Morning came, and the mine-whistle blew, and Hal stood at the window again. This time he noticed that some of the miners on their way to work had little strips of paper in their hands, which strips they waved conspicuously for him to see. Old Mike Sikoria came along, having a whole bunch of strips in his hands, which he was distributing to all who would take them. Doubtless he had been warned to proceed secretly, but the excitement of the occasion had been too much for him; he capered about like a young spring lamb, and waved the strips at Hal in plain sight of all the world.
Such indiscreet behaviour met the return it invited. As Hal watched, he saw a stocky figure come striding round the corner, confronting the startled old Slovak. It was Bud Adams, the mine-guard, and his hard fists were clenched, and his whole body gathered for a blow. Mike saw him, and was as if suddenly struck with paralysis; his toil-bent shoulders sunk together, and his hands fell to his sides--his fingers opening, and his precious strips of paper fluttering to the ground. Mike stared at Bud like a fascinated rabbit, making no move to protect himself.
Hal clutched the bars, with an impulse to leap to his friend's defence. But the expected blow did not fall; the mine-guard contented himself with glaring ferociously, and giving an order to the old man. Mike stooped and picked up the papers--the process taking him some time, as he was unable or unwilling to take his eyes off the mine-guard's. When he got them all in his hands, there came another order, and he gave them up to Bud. After which he fell back a step, and the other followed, his fists still clenched, and a blow seeming about to leap from him every moment. Mike receded another step, and then another--so the two of them backed out of sight around the corner. Men who had been witnesses of this little drama turned and slunk off, and Hal was given no clue as to its outcome.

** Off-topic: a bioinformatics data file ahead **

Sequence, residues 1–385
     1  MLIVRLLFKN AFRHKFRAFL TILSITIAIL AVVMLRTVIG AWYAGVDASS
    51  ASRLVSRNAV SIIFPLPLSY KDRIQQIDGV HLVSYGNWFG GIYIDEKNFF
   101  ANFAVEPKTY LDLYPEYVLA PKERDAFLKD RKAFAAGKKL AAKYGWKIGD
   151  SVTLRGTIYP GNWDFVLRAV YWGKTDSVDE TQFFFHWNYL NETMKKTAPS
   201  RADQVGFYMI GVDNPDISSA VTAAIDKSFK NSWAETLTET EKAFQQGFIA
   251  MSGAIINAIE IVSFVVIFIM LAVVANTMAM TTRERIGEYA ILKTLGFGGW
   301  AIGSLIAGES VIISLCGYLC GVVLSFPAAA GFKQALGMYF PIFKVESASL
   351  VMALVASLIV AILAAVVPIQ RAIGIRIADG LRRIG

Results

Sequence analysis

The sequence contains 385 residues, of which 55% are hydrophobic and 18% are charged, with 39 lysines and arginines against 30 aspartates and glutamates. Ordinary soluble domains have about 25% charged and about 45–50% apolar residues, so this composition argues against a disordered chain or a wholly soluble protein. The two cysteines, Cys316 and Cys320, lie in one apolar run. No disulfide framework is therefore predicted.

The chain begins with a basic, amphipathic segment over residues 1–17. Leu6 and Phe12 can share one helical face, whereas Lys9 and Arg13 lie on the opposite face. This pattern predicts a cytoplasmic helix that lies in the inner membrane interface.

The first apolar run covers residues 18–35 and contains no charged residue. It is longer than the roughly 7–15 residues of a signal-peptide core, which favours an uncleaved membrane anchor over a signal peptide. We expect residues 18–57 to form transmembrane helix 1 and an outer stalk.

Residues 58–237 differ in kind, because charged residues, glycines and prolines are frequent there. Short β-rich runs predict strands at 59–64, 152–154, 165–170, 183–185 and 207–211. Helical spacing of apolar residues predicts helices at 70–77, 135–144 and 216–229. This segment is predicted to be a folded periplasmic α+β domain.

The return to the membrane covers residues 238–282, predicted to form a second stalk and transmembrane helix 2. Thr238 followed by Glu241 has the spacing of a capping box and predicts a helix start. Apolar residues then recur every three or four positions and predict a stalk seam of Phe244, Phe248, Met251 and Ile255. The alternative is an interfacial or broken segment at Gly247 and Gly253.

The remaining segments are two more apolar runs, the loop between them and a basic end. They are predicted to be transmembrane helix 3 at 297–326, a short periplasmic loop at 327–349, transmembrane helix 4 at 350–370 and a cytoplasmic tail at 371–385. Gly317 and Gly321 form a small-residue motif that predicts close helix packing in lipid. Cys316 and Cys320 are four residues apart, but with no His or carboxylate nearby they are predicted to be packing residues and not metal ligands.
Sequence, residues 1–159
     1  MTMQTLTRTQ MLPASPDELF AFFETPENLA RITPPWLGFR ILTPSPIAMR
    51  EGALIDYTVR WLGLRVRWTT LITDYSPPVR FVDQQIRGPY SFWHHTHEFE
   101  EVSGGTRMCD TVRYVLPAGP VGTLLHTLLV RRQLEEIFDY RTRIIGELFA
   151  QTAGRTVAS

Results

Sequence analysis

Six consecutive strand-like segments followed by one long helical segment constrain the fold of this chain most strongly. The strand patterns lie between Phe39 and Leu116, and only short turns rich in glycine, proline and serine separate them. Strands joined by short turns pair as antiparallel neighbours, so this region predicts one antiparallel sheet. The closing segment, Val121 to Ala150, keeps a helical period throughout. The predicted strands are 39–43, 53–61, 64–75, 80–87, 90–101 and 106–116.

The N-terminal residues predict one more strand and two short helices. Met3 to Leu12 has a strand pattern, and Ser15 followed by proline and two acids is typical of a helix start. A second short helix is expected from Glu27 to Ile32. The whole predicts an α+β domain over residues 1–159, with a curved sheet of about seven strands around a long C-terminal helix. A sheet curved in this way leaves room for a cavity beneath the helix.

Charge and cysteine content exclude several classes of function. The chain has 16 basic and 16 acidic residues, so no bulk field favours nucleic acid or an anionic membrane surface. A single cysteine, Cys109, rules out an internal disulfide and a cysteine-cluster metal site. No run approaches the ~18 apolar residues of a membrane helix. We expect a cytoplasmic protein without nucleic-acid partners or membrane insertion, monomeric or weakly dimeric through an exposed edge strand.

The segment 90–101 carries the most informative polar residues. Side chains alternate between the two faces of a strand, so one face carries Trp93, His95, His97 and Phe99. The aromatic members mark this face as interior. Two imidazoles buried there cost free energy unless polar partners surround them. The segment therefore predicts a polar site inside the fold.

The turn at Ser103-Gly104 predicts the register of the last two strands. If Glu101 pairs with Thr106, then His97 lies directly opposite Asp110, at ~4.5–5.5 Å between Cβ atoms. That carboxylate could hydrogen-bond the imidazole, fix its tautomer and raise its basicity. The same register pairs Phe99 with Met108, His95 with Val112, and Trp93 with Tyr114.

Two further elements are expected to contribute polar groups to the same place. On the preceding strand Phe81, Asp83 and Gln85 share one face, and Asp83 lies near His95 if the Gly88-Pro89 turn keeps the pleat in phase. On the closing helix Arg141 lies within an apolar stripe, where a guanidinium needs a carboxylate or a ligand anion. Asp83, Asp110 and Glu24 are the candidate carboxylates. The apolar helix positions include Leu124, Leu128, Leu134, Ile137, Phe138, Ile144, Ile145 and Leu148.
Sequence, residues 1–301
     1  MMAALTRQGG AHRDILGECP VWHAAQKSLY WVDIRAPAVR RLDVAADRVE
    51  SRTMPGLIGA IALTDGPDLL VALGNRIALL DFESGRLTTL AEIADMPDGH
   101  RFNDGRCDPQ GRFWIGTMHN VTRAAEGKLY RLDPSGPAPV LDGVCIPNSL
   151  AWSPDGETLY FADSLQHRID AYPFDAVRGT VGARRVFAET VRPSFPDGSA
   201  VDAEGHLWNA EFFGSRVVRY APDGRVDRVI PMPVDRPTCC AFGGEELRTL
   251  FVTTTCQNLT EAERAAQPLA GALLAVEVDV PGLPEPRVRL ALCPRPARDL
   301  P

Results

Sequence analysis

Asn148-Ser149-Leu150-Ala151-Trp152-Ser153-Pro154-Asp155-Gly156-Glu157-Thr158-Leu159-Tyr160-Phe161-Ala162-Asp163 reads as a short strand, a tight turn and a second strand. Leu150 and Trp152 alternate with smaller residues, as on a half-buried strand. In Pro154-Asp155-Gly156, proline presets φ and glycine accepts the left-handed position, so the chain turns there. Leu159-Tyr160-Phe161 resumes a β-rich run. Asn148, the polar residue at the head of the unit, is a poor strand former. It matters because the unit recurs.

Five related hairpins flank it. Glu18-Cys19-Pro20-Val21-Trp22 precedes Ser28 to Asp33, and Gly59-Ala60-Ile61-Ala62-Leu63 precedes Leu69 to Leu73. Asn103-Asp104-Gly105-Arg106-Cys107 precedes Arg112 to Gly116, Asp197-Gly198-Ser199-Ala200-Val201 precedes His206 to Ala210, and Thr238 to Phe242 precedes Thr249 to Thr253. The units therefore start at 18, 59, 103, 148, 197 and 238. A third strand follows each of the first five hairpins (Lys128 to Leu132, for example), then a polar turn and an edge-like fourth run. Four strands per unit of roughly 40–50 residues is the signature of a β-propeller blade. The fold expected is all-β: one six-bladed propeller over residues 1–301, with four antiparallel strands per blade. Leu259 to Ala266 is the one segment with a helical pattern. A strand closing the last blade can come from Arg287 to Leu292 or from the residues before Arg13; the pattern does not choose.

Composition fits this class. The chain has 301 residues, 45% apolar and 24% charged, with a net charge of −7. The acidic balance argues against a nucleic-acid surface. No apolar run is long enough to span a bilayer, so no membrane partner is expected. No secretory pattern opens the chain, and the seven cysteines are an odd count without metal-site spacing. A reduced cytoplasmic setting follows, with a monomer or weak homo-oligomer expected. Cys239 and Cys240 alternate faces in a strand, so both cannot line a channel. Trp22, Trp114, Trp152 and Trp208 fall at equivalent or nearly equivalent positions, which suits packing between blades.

A couple of hours afterwards, Hal's jailer came up, this time without any bread and water. He opened the door and commanded the prisoner to "come along." Hal went downstairs, and entered Jeff Cotton's office.
The camp-marshal sat at his desk with a cigar between his teeth. He was writing, and he went on writing until the jailer had gone out and closed the door. Then he turned his revolving chair and crossed his legs, leaning back and looking at the young miner in his dirty blue overalls, his hair tousled and his face pale from his period of confinement. The camp-marshal's aristocratic face wore a smile. "Well, young fellow," said he, "you've been having a lot of fun in this camp."
"Pretty fair, thank you," answered Hal.
"Beat us out all along the line, hey?" Then, after a pause, "Now, tell me, what do you think you're going to get out of it?"
"That's what Alec Stone asked me," replied Hal. "I don't think it would do much good to explain. I doubt if you believe in altruism any more than Stone does."